After 1841, aisde from the patent, there is no trace of Ann Abbey Downes in Stonnall, but a bit of lateral thinking led to 1851 and Putney in London when Ann A Downes, 21, born Burton-on-Trent (how many could there be?) was visiting her cousin Edwin Truman, dentist. At that time he lived at 40A Haymarket, Westminster.
    In 1861 he was at Wimbledon and dentist to Her Majesty’s household. Also there were “Ann Abbey” and a Louisa Abbey, also cousin, professor of french and a Franco-British subject. This is one brainy family! (Though I can’t see that Louisa was Anne Abbey’s sister.) In 1864 Edwin Truman launched the Archives of Dentistry – the 1865 edition is available online as a free Google book.
    In 1863 Anne Abbey Downes applied for a patent for an invention of “improvements in artificial teeth”; sealed in 1834. It seems reasonable to suppose that, given the prejudices and strictures of the time that Miss Downes would not have been able to graduate from university or obtain accreditation as a dentist, but was able to pursue a career under the guidance of Edwin Truman.
    In 1871 the household, which did include a Mrs Truman, was at The Homefield, Putney Hill where they settled until at least 1901 (I can’t find them in 1891). Anne Abbey is always there, variously as Ann Downes, Miss A Downes and Anne A Downes, with birthplace Burton-on-Trent recorded. She never married.
    There is a record of death of an Anne A Downes in the Jul-Sep quarter of 1911, registered in Lichfield, so perhaps she returned to Stonnall in old age (though I can’t find her in the 1911 census).
    As a post script, Clara Adelaide Downes remained unmarried and was a companion to the lady widow of The Shrubbery, Great Barr, Mrs Proffitt. Clara died in 1825 and left effects worth more than £7,000. That’s an awful lot of money for a vicar’s daughter from Stonnall.

  6. Thank you Andy – I’m actually speechless. Stuff like this – starting with something that started as a daft observation, turning into a discovery of such a fascinating history thanks to the dedication of readers – is what this blog is all about.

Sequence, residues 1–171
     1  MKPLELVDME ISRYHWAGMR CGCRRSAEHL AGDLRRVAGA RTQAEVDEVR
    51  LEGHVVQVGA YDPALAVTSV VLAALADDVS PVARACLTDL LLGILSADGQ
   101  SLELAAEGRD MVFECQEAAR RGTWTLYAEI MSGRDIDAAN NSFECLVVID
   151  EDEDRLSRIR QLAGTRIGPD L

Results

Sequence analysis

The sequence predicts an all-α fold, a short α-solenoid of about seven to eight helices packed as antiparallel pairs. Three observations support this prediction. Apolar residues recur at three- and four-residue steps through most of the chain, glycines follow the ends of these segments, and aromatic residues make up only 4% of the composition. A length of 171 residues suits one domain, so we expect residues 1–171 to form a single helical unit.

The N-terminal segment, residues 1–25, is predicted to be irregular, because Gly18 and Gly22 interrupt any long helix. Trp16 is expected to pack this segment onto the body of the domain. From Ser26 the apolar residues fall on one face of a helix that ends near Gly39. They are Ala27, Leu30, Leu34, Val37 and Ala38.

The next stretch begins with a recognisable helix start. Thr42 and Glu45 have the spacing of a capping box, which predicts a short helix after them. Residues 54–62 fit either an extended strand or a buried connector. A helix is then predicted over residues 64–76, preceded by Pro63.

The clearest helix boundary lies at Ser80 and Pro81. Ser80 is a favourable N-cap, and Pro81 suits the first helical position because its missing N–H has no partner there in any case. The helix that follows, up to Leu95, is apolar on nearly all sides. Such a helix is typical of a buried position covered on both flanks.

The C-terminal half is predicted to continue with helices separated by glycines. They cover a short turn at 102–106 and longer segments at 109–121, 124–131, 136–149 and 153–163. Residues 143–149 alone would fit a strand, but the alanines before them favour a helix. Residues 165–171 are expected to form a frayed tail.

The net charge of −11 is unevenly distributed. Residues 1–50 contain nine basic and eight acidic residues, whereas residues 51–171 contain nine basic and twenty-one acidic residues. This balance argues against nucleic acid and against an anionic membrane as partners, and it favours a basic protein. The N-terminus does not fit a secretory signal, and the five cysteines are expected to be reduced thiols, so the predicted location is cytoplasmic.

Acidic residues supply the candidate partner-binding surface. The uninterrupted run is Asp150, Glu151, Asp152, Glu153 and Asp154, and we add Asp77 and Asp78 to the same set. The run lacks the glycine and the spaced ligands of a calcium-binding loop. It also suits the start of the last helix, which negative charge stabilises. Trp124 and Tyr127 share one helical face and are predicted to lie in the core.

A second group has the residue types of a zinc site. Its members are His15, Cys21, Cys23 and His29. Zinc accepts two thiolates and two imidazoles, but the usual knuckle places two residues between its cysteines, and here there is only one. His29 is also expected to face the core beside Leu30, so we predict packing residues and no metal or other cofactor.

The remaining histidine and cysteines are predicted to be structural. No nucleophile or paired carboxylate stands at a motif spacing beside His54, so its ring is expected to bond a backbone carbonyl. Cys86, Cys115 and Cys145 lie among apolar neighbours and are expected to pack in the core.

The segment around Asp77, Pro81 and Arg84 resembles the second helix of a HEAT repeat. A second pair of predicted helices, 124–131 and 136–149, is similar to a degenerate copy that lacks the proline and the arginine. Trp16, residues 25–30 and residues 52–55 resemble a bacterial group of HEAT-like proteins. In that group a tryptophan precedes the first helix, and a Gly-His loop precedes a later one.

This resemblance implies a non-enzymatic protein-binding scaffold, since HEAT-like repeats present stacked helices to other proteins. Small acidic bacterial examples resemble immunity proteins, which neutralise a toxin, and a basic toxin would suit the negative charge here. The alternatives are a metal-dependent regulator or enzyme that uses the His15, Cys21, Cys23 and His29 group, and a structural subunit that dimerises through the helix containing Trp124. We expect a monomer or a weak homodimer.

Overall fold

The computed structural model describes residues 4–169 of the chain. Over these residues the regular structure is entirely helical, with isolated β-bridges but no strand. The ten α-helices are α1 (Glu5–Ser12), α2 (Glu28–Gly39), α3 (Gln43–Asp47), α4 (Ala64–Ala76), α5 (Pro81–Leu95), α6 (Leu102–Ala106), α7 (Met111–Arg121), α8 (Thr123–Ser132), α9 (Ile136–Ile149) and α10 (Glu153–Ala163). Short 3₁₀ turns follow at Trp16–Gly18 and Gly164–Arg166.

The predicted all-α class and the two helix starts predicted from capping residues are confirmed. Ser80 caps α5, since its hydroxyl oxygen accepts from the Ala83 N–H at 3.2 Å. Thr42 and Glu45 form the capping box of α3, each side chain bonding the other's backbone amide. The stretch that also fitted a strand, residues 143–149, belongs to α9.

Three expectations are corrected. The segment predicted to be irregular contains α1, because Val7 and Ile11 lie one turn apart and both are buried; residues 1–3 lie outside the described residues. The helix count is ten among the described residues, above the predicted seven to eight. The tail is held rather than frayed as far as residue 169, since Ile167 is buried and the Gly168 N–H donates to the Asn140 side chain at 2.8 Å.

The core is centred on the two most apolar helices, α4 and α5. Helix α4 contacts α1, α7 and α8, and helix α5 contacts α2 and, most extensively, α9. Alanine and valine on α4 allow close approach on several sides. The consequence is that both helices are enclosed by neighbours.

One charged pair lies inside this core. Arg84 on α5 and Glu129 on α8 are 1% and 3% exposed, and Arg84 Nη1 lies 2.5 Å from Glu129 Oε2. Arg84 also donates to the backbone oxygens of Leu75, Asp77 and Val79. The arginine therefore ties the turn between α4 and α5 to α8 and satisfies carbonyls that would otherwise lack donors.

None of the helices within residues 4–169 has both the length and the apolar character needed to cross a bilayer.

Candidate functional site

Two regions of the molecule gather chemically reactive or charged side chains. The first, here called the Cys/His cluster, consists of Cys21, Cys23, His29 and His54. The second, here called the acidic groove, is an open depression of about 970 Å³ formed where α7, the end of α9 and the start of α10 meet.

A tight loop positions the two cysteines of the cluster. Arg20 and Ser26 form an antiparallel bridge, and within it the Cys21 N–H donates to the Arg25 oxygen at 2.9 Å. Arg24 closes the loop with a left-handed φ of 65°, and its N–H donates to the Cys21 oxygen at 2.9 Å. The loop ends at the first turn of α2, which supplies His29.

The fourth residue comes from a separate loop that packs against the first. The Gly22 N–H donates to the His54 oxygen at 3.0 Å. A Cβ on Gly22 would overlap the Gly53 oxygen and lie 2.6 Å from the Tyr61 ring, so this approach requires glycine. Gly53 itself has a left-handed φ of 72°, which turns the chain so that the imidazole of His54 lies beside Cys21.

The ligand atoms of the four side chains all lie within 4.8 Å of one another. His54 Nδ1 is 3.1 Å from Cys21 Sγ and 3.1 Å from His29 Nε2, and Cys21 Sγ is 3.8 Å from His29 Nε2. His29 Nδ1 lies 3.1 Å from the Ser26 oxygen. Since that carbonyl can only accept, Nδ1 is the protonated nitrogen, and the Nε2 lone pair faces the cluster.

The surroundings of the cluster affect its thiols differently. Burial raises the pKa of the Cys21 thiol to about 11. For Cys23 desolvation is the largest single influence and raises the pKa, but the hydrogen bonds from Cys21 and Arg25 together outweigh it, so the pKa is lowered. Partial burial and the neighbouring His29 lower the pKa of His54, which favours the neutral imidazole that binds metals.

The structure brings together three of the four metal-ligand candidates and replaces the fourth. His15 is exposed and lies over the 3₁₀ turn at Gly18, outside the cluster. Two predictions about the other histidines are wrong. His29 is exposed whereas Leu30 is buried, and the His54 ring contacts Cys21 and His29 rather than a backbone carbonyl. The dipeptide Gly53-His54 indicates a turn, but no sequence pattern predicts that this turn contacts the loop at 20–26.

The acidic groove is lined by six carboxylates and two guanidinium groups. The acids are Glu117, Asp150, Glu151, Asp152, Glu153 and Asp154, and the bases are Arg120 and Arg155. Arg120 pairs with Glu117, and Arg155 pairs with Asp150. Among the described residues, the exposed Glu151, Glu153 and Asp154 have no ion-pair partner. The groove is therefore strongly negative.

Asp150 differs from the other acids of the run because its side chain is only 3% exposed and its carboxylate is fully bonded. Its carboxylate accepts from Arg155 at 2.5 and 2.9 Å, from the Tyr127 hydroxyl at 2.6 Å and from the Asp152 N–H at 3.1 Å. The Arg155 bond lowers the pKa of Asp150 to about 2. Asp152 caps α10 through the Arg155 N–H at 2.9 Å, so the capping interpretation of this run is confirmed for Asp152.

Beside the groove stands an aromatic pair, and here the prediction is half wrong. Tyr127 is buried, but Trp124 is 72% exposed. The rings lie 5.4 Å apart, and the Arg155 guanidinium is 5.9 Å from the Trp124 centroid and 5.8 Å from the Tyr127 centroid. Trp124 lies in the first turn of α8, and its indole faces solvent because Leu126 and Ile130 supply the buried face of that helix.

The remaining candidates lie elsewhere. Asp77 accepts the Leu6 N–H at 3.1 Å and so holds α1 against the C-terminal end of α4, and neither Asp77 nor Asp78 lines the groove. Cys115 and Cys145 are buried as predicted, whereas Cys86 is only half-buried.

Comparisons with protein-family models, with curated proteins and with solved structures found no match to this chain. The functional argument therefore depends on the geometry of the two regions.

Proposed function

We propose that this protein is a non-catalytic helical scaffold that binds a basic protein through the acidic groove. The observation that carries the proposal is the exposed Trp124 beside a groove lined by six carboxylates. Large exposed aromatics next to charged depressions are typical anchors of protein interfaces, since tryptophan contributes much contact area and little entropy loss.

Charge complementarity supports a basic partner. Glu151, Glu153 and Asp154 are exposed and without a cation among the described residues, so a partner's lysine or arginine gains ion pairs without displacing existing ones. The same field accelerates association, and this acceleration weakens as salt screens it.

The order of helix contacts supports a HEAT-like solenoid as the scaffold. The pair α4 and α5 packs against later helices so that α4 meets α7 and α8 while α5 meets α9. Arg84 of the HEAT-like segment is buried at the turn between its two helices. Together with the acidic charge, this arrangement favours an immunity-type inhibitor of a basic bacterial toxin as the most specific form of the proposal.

Cheers.

    Bob

  7. Desmond Burton says:

    Brilliant piece of detective work, Andy, through the maze of variant names, alternative spellings and mis-transcriptions – and it admirably complements what has gone up on the Stonnall Facebook page so far about the Downes family (perhaps you have already seen it). Strange that the family seems to disappear in 1891 – perhaps they all went off to France for a final holiday with their aged father James. And yes, Anne Abbey Downes did indeed return to the area in old age. In 1911 she was living at 110 Walsall Road Lichfield with widowed sister Eleanor Dodds and half-sister Maria Elizabeth (the transcribed record which I saw mis-spelt her name as Downs). And I presume she was buried in Stonnall, as there is an inscription in the north section of the churchyard: “In loving memory of Ann Abbey Downs [sic], dauighter of…”. I am simply citing the microfiche record, I but haven’t been to see the inscription myself – seems strange for the name to be spelt wrongly here, unless it is now virtually unreadable. If you fancy more detective work, what happened to Maria Sophia Downes (born 1827/8 in Burton), the eldest daughter of Rev James Downes? I am wondering if she was born disabled and kept more or less out of sight as was common in those days for co-called ‘imbeciles’ – even with the Queen’s cousins!

  8. Desmond Burton says:

    PS: Mis-spelling of ‘daughter’ in the citation above is my mistake!

  9. I’m very pleased that the London Gazette archive is proving useful. So that we can bear it mind when developing the service in futre, can you tell me how you came across this entry anyway please Brownhills Bob?

  10. Andy Dennis says:

    Desmond, it was not quite so grim.

    It was relatively easy to find that in 1851 Mary S Downes was living at Marlowes, Hemel Hempstead, Herts and that Mary Sophia Downes married a Charles Jennings (1860 Apr-Jun Lichfield 6b 503 – Stonnall?) and that they lived at Aston Manor (Erdington) in 1871. Charles was a draper born Hemel Hempstead abt 1830. There is a record of death for Mary Sophia Downes (1875 Apr-Jun Hemel Hempstead 3a 268).

    I can’t find them in 1861.

    Afterwards it appears Charles returned to Hemel Hempstead where he had a wife named Maria, born Barnstaple.

  11. Desmond Burton says:

    Thanks for this, Andy!